Monday, 10 December 2012

Rise of the Guardians (Dreamworks) - movie review


I was surprised and very impressed by the new Dreamworks movie Rise of the Guardians. I'd rate it at Four-and-a-half Stars (from a possible Five 5 - see the postscript for why I deducted half a star).


I had expected a humorous action adventure, like the Ice Age movies, for instance; but I got a lot more.

Indeed, RotG resembles Pixar's Toy Story 3 in being a very ambitious philosophical statement of the best kind of modern, post-Christian metaphysics - but takes things a step or two further.


In other words, RotG presents a complete and complex new myth (derived and developed from various bits and pieces of old and recent myths and folklore); yet although perhaps not quite so accomplished a movie as TS3, the result is much more hopeful - probably because of the underpinning presence of a benign deity (The Man in the Moon).

(I found TS3 so very sad and nihilistic that, despite regarding it as one of the best movies I have ever seen, I have never been able to re-watch it.)


The existential basis of RotG is that modernity is utterly lost in jaded, materialistic, empty alienation; and that the only residue of The Good is in the imagination of young children, and their fantasy beliefs.

These fantasy beliefs are represented by the Guardians.

The premier and most powerful Guardian is the Sandman who brings to children their wholesome dreams. He is depicted as a mute Harpo Marx character that communicates by mime and symbols.

The other Guardians are associated with particular emotions: Santa Claus/ Father Christmas with (wide-eyed) wonder; the Easter Bunny with the renewal of Hope; the Tooth Fairy with happy childhood memories (made accessible in later life because stored in the milk teeth) - and eventually Jack Frost who embodies innocent, shared fun.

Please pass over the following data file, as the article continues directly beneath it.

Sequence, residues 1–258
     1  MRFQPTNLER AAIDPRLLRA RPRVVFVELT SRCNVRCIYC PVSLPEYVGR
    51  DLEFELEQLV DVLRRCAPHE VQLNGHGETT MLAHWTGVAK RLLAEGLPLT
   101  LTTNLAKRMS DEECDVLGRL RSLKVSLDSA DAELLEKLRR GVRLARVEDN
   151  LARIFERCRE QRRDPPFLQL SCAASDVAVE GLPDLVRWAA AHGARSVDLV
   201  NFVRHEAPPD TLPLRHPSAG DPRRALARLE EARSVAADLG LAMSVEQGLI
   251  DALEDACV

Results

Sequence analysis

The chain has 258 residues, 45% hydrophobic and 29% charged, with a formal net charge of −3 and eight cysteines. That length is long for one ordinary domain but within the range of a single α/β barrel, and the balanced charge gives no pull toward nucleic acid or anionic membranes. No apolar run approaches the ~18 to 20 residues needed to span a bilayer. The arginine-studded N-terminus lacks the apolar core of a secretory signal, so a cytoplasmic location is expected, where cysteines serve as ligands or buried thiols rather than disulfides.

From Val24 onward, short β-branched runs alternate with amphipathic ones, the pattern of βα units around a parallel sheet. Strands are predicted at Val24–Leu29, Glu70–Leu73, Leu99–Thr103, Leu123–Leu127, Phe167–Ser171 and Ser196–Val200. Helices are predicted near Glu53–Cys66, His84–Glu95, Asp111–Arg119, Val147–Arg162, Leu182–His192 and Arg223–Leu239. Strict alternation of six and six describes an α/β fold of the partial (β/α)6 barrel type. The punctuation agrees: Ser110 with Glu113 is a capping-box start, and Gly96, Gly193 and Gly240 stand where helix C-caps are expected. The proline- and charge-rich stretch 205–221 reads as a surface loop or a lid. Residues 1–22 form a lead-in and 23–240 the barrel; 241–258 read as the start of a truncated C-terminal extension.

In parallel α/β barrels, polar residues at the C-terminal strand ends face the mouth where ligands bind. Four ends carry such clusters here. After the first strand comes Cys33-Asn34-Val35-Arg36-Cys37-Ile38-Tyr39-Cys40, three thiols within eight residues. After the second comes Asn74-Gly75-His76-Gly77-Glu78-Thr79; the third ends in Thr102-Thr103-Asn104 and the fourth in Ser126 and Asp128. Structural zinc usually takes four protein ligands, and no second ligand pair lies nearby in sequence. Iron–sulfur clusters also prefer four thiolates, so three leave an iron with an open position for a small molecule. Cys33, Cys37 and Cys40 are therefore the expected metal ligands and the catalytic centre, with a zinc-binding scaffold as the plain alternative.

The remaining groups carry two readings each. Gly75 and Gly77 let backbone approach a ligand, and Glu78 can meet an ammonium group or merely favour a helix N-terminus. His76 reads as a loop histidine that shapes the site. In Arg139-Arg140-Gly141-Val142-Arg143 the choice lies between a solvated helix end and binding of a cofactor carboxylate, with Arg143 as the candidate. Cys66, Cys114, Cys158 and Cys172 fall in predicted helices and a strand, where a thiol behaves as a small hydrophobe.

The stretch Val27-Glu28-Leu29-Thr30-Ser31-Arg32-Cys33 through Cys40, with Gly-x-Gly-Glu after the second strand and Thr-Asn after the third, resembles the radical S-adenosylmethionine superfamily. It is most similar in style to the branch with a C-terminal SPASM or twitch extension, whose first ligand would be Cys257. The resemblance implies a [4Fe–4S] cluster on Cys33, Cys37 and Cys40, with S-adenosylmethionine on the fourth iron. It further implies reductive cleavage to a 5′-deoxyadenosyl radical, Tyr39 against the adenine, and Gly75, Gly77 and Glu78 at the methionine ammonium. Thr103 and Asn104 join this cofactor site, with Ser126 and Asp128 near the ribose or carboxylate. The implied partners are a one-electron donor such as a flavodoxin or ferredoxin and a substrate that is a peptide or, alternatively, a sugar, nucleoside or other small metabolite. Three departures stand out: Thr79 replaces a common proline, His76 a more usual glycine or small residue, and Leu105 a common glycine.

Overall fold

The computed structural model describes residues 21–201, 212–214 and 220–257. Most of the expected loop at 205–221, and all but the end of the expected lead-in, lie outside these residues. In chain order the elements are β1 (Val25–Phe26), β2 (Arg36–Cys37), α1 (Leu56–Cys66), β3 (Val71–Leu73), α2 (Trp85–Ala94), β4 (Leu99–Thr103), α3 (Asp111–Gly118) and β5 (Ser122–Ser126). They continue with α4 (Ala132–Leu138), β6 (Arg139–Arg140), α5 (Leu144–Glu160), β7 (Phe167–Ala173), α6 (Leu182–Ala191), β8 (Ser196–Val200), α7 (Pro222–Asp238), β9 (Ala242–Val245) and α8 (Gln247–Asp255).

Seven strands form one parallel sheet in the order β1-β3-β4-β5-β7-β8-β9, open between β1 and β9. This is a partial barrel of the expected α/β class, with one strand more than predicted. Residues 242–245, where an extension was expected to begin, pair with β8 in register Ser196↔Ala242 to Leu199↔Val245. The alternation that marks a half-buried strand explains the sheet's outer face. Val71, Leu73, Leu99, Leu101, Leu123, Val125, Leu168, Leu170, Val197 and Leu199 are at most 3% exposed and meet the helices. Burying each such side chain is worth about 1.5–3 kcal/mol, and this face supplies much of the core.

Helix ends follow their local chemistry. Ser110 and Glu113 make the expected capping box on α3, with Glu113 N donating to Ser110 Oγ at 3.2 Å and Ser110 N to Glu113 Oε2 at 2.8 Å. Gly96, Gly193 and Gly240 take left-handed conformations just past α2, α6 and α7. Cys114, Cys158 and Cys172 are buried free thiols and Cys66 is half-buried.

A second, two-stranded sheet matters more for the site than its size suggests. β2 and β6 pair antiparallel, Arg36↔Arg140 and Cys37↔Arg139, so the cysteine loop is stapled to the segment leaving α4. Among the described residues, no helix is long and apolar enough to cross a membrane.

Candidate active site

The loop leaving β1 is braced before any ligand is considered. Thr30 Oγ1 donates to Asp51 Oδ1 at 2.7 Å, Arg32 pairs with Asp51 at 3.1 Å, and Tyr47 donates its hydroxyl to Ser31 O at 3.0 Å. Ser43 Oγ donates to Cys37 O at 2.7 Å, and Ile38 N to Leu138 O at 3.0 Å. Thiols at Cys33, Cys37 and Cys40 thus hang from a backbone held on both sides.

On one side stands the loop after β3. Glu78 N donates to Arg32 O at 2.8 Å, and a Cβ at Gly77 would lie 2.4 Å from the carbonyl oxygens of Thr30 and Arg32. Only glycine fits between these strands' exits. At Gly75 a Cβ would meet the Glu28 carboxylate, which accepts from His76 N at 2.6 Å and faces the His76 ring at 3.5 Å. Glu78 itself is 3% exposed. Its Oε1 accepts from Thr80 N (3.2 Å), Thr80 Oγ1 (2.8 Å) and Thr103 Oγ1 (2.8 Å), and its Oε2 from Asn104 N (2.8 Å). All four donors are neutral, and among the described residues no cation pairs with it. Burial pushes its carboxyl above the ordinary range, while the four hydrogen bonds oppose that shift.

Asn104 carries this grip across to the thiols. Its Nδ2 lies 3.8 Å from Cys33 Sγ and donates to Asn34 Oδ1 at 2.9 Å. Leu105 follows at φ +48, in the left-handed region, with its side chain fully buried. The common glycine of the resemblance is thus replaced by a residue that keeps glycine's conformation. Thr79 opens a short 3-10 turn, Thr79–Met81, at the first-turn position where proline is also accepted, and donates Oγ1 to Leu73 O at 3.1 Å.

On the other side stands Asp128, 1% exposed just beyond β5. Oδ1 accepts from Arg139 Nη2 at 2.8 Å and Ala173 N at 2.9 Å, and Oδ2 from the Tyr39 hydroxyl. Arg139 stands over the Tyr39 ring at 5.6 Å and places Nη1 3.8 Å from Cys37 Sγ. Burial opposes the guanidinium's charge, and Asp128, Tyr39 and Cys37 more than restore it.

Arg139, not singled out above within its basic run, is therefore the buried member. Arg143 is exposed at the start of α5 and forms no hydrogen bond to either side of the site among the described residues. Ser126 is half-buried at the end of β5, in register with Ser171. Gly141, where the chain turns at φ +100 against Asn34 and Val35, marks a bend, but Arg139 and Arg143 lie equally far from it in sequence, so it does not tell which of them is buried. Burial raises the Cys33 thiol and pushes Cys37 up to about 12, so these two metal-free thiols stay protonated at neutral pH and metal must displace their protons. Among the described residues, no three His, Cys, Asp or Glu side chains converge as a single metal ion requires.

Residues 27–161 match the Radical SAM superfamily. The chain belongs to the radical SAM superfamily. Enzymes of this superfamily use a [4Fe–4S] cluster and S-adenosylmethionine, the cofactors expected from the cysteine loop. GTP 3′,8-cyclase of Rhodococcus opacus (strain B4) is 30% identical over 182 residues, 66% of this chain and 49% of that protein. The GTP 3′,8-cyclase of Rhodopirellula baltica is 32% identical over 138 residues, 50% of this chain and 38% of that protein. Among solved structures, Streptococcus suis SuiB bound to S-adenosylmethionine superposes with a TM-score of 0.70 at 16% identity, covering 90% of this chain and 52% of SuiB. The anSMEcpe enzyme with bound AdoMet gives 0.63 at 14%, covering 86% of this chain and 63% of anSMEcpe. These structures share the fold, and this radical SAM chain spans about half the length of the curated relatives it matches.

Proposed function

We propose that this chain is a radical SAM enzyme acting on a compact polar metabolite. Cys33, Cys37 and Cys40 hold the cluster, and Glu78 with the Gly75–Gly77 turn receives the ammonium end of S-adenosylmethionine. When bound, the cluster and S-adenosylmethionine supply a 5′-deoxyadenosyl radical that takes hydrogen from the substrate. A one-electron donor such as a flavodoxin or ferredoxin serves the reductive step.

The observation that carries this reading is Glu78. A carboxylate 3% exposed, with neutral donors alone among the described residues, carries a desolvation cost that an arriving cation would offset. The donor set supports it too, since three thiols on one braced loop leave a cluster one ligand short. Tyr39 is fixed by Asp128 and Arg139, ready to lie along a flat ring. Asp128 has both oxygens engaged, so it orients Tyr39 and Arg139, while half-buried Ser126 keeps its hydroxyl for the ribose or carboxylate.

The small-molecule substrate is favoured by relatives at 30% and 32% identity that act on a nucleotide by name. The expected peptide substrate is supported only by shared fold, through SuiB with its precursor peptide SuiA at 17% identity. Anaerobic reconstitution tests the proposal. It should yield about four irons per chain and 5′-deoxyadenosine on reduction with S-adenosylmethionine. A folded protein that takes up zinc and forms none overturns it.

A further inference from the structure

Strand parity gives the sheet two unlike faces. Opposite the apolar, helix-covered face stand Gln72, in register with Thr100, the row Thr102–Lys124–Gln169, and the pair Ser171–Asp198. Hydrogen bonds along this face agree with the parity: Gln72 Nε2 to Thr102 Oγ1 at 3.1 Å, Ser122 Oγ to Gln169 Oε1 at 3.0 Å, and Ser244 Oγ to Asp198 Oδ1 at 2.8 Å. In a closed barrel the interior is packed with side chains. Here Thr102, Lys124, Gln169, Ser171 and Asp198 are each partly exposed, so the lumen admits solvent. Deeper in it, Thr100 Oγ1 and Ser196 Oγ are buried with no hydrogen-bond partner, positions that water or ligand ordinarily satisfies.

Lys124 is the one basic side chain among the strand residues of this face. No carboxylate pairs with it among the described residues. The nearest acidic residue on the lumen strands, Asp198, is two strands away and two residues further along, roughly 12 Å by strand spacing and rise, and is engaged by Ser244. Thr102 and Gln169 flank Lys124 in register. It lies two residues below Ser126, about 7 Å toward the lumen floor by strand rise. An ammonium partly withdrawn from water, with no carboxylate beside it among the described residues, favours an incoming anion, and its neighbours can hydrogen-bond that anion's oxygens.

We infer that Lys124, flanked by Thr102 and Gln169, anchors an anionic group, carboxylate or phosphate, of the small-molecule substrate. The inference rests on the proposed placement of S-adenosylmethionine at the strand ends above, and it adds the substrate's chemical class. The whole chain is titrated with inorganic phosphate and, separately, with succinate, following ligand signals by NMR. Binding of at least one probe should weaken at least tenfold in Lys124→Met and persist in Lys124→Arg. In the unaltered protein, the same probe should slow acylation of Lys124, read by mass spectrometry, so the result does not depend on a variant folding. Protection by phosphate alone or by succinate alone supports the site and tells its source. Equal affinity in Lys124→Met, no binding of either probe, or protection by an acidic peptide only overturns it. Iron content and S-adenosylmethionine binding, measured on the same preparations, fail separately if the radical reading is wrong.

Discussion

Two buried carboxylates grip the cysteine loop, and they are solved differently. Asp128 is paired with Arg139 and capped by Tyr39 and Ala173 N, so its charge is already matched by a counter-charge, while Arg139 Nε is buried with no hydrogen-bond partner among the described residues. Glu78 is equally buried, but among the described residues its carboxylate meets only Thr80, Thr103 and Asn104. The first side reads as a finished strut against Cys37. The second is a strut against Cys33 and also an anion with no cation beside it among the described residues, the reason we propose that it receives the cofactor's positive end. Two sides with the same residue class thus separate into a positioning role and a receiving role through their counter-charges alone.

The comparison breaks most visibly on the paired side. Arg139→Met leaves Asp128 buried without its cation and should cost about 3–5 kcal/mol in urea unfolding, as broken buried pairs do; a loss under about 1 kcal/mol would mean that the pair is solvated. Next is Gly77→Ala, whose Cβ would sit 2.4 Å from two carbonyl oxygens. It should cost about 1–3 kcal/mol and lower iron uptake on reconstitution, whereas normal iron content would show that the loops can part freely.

All of these characters depend on the idea (maybe from Peter Pan, or Terry Pratchett's Small Gods) that the Guardians power, size and existence is linked to the belief of children; thus the happiness and innocence and redemptive power of children are guarded by the consequences of their own beliefs.

Against them is the evil bogeyman, Pitch, who is a classic Satan/ Sauron/ Voldemort villain that intends to engulf the earth in darkness and fear; since the only way he can get people to believe in him (and therefore the only way he can really be alive) is when they fear him.


The set up is therefore superficially a witty and suspenseful action movie; but underneath it there is a well-structured and emotionally-satisfying symbolic depiction of spiritual warfare between God and his angels (the Guardians) and Satan and his demons (the Night-Mares).

The moral drawn is rather like that of Tolkien's in On Fairy Stories - the importance of fantasy in our era; as being the last means of contact with reality for many or most people.


Naturally, RotG is not explicit about all this; and indeed I doubt whether any kind of Christian symbolism was deliberately intended.

But, by implication, such an interpretation is a natural outcome of the underlying honesty and seriousness of this movie.


POSTSCRIPT: I deduct half a star from my rating of this movie because of the disgusting and gratuitous 'sleeve' tattoos on Santa's forearms; which are very frequently on display, including the movie poster. I regard this as a deliberate and strategic act of wicked subversion on the part of (at least) the animator responsible for Santa, and also the producer and publicity people - intended to 'normalize' this gross form of self-mutilation ( ). It is a measure of the rapidity of our cultural corruption this this kind of thing now passes either unnoticed, or with a cynical grin of approval at making Santa 'edgy', 'relevant' (or something of the kind).  



JP said...

Santa got the sleeve tattoo as an expression of his individuality and to distinguish himself from all the other Santas.

tgj said...


In the proper context, these kinds of stories might be harmless ways of conveying good moral principles. But what is the context?